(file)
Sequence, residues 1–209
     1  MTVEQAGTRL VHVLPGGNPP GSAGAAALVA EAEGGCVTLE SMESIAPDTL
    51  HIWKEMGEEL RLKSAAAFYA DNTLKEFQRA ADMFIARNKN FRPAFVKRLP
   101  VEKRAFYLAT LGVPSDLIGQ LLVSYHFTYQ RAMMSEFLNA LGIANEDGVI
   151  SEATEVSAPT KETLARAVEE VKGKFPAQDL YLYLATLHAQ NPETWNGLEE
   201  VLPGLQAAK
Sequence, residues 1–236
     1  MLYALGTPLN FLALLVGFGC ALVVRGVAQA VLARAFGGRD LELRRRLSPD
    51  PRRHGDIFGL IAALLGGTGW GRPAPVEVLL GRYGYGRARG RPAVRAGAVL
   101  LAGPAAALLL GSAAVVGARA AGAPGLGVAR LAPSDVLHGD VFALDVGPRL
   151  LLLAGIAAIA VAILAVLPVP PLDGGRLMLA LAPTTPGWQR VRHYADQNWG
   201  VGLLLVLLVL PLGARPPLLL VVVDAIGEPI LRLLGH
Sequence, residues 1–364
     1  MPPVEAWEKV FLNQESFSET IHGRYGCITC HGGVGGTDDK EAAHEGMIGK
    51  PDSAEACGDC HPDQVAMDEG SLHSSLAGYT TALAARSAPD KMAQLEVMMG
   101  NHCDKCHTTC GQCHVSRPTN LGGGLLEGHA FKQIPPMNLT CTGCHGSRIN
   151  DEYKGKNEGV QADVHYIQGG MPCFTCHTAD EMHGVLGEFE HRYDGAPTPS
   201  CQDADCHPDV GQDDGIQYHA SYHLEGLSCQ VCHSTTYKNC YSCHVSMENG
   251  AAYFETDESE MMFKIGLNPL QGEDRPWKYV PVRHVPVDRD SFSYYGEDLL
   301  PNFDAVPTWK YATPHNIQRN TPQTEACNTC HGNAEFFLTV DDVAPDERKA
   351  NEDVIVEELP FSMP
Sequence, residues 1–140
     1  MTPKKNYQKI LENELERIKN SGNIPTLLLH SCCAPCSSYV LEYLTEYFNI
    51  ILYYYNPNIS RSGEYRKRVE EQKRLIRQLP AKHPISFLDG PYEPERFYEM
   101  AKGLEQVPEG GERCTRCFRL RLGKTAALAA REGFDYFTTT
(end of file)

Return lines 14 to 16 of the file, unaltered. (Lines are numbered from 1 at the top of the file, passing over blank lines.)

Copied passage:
     1  MPPVEAWEKV FLNQESFSET IHGRYGCITC HGGVGGTDDK EAAHEGMIGK
    51  PDSAEACGDC HPDQVAMDEG SLHSSLAGYT TALAARSAPD KMAQLEVMMG
   101  NHCDKCHTTC GQCHVSRPTN LGGGLLEGHA FKQIPPMNLT CTGCHGSRIN